Sometimes, you might think you're falling in love. At other times, you might think you're falling in lust. It can be difficult to determine if you’re feeling lust or a romantic connection with your new love. Researchers now understand that different phases of love are fueled by different hormones, according to biological anthropologist Helen Fisher, as reported in “Lust, Love, Like” for “Psychology Today.” Lust triggers the production of androgens and estrogens for short-term satisfaction, and oxytocin and vasopressin production create a more long-term connection.

How Love Starts

Lust begins when you notice that someone is attractive and that this brings you together, explains eHarmony staff in “Finding Love: Telling Lust from Love.” That feeling might never morph into love because it’s a surface attraction and lacks any real connection or knowledge of your love interest. It’s generally short term, and can disappear after intimacy but it can return later, according to Fisher in “Love Explained” on the Chemistry.com website. A romantic connection keeps you in the relationship, deepening as you get to know that person. Love can intensify after intimacy.

Attraction Over Time

Lust is an intense feeling that desires immediate gratification, according to psychiatrist Abigail Brenner in the “Psychology Today” article -- sort of like wanting to eat because you smell food cooking. Romantic attraction builds over time and is willing to spend the energy necessary to build trust, loyalty and an emotional attachment. You can nurture that romantic attachment by revealing more of yourself to your love, showing your vulnerability, spending time together and responding to your loved one's feelings and actions.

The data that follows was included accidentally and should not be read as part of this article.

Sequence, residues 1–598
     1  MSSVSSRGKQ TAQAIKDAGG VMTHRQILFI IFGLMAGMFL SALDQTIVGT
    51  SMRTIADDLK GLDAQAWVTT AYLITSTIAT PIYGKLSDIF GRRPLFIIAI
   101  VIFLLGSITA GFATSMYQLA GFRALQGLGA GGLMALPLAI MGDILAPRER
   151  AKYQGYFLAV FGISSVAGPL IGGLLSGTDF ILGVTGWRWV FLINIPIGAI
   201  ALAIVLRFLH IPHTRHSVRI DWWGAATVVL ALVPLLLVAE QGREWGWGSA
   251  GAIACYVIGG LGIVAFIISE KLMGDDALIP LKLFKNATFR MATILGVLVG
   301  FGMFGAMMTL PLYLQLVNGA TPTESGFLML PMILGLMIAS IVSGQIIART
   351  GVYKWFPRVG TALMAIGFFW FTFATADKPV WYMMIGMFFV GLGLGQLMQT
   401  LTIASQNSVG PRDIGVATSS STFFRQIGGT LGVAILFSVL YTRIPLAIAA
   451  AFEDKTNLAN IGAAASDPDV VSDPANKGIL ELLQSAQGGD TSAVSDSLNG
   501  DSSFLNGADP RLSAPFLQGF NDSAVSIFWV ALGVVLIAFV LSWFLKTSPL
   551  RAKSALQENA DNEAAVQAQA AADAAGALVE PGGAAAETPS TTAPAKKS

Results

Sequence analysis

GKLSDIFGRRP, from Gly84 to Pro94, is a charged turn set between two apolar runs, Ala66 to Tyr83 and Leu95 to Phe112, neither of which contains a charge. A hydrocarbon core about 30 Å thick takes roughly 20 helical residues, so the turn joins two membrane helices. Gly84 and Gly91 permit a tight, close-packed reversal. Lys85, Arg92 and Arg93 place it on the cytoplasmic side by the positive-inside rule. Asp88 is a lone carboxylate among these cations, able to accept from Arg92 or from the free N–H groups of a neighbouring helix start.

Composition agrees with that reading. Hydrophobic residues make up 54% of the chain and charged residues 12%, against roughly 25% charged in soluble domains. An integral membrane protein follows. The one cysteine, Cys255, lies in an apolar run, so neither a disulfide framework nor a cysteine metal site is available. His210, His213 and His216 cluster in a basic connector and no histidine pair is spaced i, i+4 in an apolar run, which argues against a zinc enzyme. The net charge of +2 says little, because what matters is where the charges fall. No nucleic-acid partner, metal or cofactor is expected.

Selfish or Selfless

Lust is very selfish, because it demands that the object of your attention should fulfill your wants quickly, according to psychologist Dr. Larry Crabb in the article, “What Is The Difference Between Love And Lust?” for the Help for My Life website. Love, on the other hand, is selfless and is willing to delay gratification to meet your sweetheart’s needs and wants. If you don’t care about whether the object of your attraction is happy or satisfied by your interaction, it is definitely lust and not a romantic connection.

General vs. Specific

Lust can be directed toward more than one person at a time without jealous feelings, according to Fisher in her Chemistry.com interview. You might look at a group of people and feel an immediate and strong hunger for several people there and have difficulty deciding who to pursue. If you love someone, you will focus on that one person and make your way to her side. You might feel possessive if someone else is paying attention to your love or if your love is showing strong attention or affection to someone else. The bond you feel for that person makes you feel that the romantic attention from that person belongs to you.